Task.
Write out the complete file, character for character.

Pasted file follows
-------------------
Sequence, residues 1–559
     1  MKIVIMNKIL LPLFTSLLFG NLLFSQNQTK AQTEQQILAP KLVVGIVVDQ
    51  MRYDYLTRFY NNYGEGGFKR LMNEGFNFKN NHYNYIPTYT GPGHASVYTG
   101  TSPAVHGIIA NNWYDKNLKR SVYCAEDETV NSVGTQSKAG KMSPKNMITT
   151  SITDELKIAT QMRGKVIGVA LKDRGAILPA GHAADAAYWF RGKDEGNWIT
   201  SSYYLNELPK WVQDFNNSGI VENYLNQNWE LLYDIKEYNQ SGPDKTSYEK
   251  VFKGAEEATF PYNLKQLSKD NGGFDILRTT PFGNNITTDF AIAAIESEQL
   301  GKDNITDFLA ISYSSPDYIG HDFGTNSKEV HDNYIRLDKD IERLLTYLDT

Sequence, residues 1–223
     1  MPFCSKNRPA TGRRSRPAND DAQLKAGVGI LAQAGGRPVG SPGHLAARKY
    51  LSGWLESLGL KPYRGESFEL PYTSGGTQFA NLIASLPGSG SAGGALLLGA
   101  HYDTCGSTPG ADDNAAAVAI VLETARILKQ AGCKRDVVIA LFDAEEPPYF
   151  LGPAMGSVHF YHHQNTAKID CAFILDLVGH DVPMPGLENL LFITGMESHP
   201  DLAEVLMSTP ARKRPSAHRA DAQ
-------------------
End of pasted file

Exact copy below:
Sequence, residues 1–559
     1  MKIVIMNKIL LPLFTSLLFG NLLFSQNQTK AQTEQQILAP KLVVGIVVDQ
    51  MRYDYLTRFY NNYGEGGFKR LMNEGFNFKN NHYNYIPTYT GPGHASVYTG
   101  TSPAVHGIIA NNWYDKNLKR SVYCAEDETV NSVGTQSKAG KMSPKNMITT
   151  SITDELKIAT QMRGKVIGVA LKDRGAILPA GHAADAAYWF RGKDEGNWIT
   201  SSYYLNELPK WVQDFNNSGI VENYLNQNWE LLYDIKEYNQ SGPDKTSYEK
   251  VFKGAEEATF PYNLKQLSKD NGGFDILRTT PFGNNITTDF AIAAIESEQL
   301  GKDNITDFLA ISYSSPDYIG HDFGTNSKEV HDNYIRLDKD IERLLTYLDT

Sequence, residues 1–223
     1  MPFCSKNRPA TGRRSRPAND DAQLKAGVGI LAQAGGRPVG SPGHLAARKY
    51  LSGWLESLGL KPYRGESFEL PYTSGGTQFA NLIASLPGSG SAGGALLLGA
   101  HYDTCGSTPG ADDNAAAVAI VLETARILKQ AGCKRDVVIA LFDAEEPPYF
   151  LGPAMGSVHF YHHQNTAKID CAFILDLVGH DVPMPGLENL LFITGMESHP
   201  DLAEVLMSTP ARKRPSAHRA DAQ